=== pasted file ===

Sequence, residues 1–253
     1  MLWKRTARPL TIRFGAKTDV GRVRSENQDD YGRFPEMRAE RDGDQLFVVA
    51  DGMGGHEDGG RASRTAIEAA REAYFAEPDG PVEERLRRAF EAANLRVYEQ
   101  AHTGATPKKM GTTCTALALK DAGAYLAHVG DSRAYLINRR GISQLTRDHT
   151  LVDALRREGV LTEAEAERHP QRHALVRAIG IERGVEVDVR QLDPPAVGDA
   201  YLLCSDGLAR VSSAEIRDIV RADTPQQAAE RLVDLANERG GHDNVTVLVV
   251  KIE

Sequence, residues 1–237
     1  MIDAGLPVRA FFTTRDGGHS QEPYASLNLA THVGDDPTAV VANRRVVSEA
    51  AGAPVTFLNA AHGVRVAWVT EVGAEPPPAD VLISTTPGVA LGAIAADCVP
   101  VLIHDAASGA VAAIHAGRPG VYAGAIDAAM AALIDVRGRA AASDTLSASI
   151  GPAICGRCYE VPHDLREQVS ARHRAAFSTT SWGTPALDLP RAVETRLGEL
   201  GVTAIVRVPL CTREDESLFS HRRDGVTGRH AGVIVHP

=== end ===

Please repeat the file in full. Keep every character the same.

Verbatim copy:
Sequence, residues 1–253
     1  MLWKRTARPL TIRFGAKTDV GRVRSENQDD YGRFPEMRAE RDGDQLFVVA
    51  DGMGGHEDGG RASRTAIEAA REAYFAEPDG PVEERLRRAF EAANLRVYEQ
   101  AHTGATPKKM GTTCTALALK DAGAYLAHVG DSRAYLINRR GISQLTRDHT
   151  LVDALRREGV LTEAEAERHP QRHALVRAIG IERGVEVDVR QLDPPAVGDA
   201  YLLCSDGLAR VSSAEIRDIV RADTPQQAAE RLVDLANERG GHDNVTVLVV
   251  KIE

Sequence, residues 1–237
     1  MIDAGLPVRA FFTTRDGGHS QEPYASLNLA THVGDDPTAV VANRRVVSEA
    51  AGAPVTFLNA AHGVRVAWVT EVGAEPPPAD VLISTTPGVA LGAIAADCVP
   101  VLIHDAASGA VAAIHAGRPG VYAGAIDAAM AALIDVRGRA AASDTLSASI
   151  GPAICGRCYE VPHDLREQVS ARHRAAFSTT SWGTPALDLP RAVETRLGEL
   201  GVTAIVRVPL CTREDESLFS HRRDGVTGRH AGVIVHP